When Madness Returns is at the top of its formula, it is a fascinatingly dark and grotesque psychological tale. Unfortunately, the game's greatest strength tends to be impeded by gameplay that doesn't feel so much mad as obsessive-compulsive.
A sequel to American McGee's Alice, Madness Returns finds the troubled title character struggling against a dark force that is tearing apart her psyche and, in turn, Wonderland. As she journeys through her own head, she reclaims lost memories and works toward the truth behind the fire that killed her family and set her up with a cushy suite in the Rutledge Insane Asylum.
The deteriorating Wonderland has a number of stunning destinations, with a creative palette that ranges from innocently beautiful to downright disturbing. The most impressive-looking levels are stacked in the second half of the game, which features attractions like a sadistic dollhouse chop shop and a Far East landscape made of fine china, scrolls and origami ants. The unsettling incorporation of feminine and childish objects among the darkness of these worlds is especially striking. Each of these worlds are tied together with brief, explorable scenes in "real world" period London; a bustling, unscrupulous city.
Strip away the wildly varying aesthetics, however, and the structures of each of the six chapters are actually fairly similar. Madness Returns is a pretty straightforward mix of platforming and action which is not afraid to repeat its elements ad nauseum. Floating on columns of air is pretty satisfying when you start out, but grows tiresome as the mechanic resurfaces in each world. The ability to shrink to discover secret signs, platforms and keyhole caverns is interesting when you gain it in the first chapter, but all of these things are thrown at you so frequently that you'll be eternally tapping the shrink button, sending Alice down and up like a yo-yo in search of the secret you know hides just around (and under) the corner.
Alice has only four weapons at her disposal, but each has its own devious charm thanks to some creative designs and sound effects. If you don't want to rain hot death on enemies with a Gatling gun-like Pepper Grinder, you can beat them to death with an unprecentedly evil toy horse that neighs as you bash your foes. The weapons can be upgraded by collecting the game's currency of teeth, but do not gain anything in the way of extra combos or moves.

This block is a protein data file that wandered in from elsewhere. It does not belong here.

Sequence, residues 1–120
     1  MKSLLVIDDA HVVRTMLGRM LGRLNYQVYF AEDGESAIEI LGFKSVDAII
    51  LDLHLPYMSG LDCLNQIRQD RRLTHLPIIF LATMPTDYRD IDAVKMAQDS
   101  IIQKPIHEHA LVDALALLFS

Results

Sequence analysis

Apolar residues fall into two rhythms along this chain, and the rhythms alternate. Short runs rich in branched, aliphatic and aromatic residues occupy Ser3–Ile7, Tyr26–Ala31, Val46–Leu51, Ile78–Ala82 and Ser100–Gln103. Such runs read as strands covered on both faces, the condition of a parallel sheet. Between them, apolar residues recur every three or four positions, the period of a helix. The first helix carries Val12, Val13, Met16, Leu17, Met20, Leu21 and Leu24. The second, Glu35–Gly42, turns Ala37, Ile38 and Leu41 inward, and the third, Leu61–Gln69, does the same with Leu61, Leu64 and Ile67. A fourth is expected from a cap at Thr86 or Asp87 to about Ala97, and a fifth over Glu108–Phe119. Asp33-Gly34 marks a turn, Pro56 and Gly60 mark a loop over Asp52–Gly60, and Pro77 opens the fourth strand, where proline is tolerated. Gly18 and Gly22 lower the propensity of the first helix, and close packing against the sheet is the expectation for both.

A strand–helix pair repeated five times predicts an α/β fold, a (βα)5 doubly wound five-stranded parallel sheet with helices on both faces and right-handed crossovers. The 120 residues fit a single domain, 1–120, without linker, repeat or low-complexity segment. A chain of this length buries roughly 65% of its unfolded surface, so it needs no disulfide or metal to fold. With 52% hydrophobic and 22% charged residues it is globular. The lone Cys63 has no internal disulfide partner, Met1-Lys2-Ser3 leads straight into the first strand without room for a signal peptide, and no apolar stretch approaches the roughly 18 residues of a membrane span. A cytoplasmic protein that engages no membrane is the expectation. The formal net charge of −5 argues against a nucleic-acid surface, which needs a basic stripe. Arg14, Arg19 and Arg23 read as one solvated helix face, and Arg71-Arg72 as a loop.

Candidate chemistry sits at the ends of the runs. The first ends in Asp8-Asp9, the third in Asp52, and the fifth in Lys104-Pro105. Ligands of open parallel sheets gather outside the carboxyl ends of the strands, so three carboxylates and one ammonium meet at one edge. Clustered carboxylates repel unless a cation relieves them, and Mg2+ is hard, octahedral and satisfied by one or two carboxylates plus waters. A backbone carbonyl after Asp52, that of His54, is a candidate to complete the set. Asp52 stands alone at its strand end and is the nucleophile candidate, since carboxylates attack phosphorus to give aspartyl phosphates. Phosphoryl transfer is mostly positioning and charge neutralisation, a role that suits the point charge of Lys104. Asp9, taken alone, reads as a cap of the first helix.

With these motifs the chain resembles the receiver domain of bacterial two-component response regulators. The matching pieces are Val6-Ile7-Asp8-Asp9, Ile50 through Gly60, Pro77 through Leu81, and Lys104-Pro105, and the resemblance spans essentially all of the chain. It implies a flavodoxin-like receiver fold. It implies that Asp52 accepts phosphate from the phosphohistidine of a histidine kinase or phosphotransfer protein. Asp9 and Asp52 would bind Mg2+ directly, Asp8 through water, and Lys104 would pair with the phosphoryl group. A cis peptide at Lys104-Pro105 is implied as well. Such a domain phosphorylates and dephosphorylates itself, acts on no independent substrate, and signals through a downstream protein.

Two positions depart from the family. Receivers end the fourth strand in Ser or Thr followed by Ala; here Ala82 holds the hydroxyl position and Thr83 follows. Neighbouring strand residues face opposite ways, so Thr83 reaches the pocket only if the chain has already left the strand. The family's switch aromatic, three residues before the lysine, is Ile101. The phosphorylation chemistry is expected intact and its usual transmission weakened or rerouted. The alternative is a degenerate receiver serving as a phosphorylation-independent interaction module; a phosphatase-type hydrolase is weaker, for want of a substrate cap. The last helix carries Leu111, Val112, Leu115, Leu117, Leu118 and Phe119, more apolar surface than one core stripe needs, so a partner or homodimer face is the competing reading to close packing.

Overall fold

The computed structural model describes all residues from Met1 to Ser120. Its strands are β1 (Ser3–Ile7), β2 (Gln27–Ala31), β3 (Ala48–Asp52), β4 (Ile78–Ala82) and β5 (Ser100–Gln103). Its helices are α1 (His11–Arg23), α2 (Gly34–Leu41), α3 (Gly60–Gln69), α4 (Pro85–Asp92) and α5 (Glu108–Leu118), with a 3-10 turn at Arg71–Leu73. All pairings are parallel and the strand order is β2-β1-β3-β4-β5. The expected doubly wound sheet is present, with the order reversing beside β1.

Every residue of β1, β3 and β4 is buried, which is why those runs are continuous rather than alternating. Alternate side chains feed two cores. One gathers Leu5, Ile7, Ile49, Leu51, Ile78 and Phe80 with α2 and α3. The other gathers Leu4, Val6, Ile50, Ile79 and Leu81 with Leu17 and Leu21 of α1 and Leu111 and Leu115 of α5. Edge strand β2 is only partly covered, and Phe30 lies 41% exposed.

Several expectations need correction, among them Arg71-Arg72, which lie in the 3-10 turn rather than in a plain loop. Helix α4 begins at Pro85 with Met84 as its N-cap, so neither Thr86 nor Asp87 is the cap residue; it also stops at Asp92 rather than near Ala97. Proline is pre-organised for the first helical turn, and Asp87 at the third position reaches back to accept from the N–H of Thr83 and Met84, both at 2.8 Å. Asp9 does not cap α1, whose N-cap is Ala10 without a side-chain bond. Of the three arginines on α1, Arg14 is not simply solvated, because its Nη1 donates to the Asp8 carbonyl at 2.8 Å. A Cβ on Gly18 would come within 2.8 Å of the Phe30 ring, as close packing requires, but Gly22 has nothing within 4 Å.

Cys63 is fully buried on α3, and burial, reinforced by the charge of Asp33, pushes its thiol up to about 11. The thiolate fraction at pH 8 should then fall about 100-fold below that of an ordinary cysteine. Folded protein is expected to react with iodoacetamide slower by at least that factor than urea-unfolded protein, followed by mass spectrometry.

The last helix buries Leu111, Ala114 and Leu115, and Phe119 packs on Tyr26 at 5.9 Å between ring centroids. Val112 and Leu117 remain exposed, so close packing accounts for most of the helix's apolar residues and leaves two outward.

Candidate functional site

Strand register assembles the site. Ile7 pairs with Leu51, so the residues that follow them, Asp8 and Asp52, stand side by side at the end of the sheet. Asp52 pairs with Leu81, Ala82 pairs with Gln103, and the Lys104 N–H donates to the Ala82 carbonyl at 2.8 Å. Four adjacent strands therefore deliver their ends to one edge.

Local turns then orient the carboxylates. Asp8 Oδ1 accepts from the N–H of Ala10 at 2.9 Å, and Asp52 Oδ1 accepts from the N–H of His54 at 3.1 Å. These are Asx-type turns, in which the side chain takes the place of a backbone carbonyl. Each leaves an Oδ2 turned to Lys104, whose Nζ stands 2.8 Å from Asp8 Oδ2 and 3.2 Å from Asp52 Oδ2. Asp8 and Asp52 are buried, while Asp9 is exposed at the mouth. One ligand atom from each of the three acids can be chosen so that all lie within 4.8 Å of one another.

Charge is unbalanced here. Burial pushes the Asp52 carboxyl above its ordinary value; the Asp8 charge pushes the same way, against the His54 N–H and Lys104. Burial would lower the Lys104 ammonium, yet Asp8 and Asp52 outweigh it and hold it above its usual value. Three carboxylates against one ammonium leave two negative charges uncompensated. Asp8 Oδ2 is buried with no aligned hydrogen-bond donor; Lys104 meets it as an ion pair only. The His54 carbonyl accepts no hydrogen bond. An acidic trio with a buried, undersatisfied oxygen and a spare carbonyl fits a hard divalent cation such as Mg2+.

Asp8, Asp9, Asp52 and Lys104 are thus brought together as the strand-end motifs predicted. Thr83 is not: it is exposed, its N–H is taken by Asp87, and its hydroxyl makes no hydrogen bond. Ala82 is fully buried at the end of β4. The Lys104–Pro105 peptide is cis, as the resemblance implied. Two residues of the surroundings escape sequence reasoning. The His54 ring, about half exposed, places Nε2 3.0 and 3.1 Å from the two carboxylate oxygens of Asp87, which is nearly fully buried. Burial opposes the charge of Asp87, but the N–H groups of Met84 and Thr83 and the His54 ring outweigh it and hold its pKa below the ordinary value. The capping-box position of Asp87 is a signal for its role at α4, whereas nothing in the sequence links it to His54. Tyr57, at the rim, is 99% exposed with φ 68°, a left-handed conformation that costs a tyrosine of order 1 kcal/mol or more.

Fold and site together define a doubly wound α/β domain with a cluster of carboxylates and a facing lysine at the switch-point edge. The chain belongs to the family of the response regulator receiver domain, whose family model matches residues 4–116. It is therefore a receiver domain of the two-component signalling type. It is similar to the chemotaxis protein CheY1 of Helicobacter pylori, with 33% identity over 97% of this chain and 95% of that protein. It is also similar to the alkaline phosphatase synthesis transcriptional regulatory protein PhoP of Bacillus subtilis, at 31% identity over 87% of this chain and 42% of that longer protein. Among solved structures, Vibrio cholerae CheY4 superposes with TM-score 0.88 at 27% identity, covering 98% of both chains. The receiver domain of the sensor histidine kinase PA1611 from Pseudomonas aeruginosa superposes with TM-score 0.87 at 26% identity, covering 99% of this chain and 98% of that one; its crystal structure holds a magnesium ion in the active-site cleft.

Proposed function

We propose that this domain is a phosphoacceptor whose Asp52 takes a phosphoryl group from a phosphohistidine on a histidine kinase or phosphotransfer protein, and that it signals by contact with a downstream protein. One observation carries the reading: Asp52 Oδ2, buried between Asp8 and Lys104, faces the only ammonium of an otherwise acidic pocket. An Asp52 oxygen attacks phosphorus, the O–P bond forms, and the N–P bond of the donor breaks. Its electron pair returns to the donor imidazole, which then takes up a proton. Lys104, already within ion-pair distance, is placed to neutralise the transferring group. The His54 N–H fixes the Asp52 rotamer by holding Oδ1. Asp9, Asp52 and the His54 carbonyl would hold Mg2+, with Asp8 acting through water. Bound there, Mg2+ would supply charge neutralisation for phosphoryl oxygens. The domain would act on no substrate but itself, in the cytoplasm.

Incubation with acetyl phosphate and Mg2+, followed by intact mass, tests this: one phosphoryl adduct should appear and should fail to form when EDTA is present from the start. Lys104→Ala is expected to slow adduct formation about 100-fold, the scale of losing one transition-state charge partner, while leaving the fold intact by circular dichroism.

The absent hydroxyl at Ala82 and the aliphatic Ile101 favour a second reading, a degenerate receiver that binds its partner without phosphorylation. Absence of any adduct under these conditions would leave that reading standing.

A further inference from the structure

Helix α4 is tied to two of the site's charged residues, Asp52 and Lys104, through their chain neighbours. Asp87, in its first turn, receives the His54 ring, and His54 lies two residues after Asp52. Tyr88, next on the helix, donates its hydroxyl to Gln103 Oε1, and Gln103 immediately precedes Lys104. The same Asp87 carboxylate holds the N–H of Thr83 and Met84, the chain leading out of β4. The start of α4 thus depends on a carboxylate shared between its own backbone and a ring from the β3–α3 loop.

Still, solid controls don't help the feeling that some worlds go on too long, and are just being stretched out with more platforms and levers for content's sake. The story that propels the game is weak during the first half, making Alice fight through to one Wonderland character who tells her to find another, who tells her to find yet another and so on. There are no boss fights; just tasks and fetch quests whose ultimate rewards are, "I dunno. Go ask so-and-so." Once Alice starts receiving some real answers, though, things become much more interesting.
The memories Alice finds hidden throughout the game come in short sound bites from her family and other characters. Some are mere window dressing, but others provide clues into Alice's past while complementing the game's beautiful, paper cutout cutscenes. However, these moments just aren't a filling enough substitute for traditional storytelling. Something as simple as having Alice comment more on what she sees around here could have added a greater sense of purpose and kept parts of the game from feeling like the same old motions with a new, creepy skin.
There is plenty in Alice: Madness Returns that is worth experiencing, especially when the game's slowly unfurling story and mesmerizingly macabre style are able to shine through. It's just a pity that a title inspired by some of the most outlandish and inspired works of literature has to live with some of the driest tropes that the game design textbook has to offer.
This review is based on a final retail copy of Alice: Madness Returns for Xbox 360 provided by Electronic Arts.